• My mind is all over the place. I can’t seem to settle down. I did hear the word ‘gentle’ instead of incriminating myself for not being able to settle down and relax. To be gentle with myself about that. I’ve had a few times where I have been able to meditate. Hopefully, this group will go on for a very long time, and everyone is so kind and wonderful. So even if I can’t settle down, it’s a source of comfort and inspiration because I feel it from everyone.

  • It’s a buoying community that holds the space for however anyone comes to just sit in it. That’s the purpose of a community.

  • What came up for me during the meditation was the word ‘beloved.’ Then I put it together with ancestors as well as this community.

  • I’m struggling with calling on my ancestors because I don’t trust that they were good people or good spirits or good energy. I’m almost afraid of them. I don’t feel like I can call on them. But I’m sitting here, outside my window this morning, I see a tree, and right near my window, I’ve seen a woodpecker, a red cardinal, a finch, and another bird. They’ve all been coming up and fluttering around. And I said, I claim you as my ancestors.

  • I agree. I don’t call on my ancestors of my biological family. I call on my ancestors that I admire and look up to, those that have gone on. Those are our ancestors because we are all one. That’s where I get my strength. I go beyond my circle. I extend my circle.

  • Thank you. Beautiful reading, thank you for your reflections. The other evening, I was watching my granddaughters while their parents went out. I was trying to get them all to bed, it was a bit of a challenge. I attribute the meditation to my being able to stay calm. That keeps them calm. At one point, I had one who was teething along with the five-year old. As they were trying to settle down, I grabbed one of their fingers with my mouth. I used to do it with the five-year-old. It soothes them. Then the five-year-old did it with the baby. And at that moment, I had this overwhelming feeling that one day, my little five-year-old will be a grandparent doing it with her grandchild. Me and her mother will have been long passed. It brought a tear of sadness and joy at the same time. It reminded me that when my husband passed, a shaman was able to comfort me. She said that the depth of my sorrow enabled my husband to go very far, very fast. When everyone else was saying, “he’s here, can’t you feel him?” I said, no, he’s not here, he’s gone. He’s out there. One of the things she said to me is that you’ll see him again as a small being. At the moment, I interpreted that as a baby. My daughter was trying to get pregnant. And then flies would just land on me. We never know but we are all connected. What I believe in is the Native American belief of seven generations back and seven generations forward. And when we heal in this life, we help them heal seven generations back and seven generations forward. So the work we are doing now makes a difference. Especially with my mom. When I cut myself off from my mom because it was too painful, I also cut myself off from all the gifts. And when I was able to open myself up to the fact that she wasn’t perfect, and that some of the things she learned were skewed and distorted—when I was able to open myself up to that, the gifts came. And when I’m with my little grandchildren, I am the best I can be. I have to love all of them that way. I have to love everyone that way. It’s such a challenge. That’s the work. In this incarnation, back and forward, that’s the work. Omni-directional.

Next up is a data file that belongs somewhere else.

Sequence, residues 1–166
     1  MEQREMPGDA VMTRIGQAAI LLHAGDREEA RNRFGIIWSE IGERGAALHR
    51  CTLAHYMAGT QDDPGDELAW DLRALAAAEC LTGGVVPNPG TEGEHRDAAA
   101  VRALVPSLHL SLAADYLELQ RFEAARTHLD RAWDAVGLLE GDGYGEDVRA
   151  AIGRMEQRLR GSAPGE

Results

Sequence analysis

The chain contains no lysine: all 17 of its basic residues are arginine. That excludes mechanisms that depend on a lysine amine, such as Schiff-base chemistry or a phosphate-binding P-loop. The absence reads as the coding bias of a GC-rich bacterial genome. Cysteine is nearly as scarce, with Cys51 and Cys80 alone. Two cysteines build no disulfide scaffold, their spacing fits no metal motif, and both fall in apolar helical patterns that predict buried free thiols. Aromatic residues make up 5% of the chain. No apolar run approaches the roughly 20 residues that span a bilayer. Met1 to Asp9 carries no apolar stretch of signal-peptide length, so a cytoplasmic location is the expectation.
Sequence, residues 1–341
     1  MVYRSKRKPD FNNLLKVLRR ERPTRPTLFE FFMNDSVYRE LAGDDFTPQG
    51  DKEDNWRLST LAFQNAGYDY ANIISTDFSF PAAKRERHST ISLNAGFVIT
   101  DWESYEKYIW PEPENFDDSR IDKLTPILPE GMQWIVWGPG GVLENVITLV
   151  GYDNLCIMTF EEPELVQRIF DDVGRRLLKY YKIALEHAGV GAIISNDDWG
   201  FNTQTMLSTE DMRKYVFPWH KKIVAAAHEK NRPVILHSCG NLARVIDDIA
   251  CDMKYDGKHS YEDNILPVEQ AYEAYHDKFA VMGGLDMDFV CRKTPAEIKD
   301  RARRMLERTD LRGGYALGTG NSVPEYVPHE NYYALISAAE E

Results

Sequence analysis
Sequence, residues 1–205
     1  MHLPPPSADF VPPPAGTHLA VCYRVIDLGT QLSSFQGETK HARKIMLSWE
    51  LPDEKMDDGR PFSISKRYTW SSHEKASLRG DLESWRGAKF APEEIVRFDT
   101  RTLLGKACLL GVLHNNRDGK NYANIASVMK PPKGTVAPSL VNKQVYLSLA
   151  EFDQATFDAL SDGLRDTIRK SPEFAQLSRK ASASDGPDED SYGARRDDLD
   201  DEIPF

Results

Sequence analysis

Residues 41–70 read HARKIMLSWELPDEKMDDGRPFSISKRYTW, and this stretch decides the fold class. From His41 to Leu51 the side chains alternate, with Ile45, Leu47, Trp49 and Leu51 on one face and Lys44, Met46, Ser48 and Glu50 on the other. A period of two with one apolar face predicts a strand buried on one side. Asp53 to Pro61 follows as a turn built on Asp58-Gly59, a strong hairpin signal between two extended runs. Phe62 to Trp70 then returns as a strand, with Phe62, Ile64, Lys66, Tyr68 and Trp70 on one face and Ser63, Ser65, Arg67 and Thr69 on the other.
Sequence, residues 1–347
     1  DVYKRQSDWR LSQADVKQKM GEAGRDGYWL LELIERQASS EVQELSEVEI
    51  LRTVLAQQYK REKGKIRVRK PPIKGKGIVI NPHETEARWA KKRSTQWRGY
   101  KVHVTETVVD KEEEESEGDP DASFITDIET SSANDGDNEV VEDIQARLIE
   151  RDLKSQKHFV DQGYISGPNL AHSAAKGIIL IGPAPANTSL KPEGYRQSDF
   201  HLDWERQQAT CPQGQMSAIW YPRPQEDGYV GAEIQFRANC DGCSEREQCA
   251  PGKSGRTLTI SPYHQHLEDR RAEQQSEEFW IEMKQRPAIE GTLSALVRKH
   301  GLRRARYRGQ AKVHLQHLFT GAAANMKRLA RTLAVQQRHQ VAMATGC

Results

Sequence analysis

• Thank you, each of you for spending your precious time in silence and sharing your words and heart with us as we sit in this community that is buoying us. We stay steadfast. We stay balanced. We stay steady as we go forward. I hope you have a gentle day.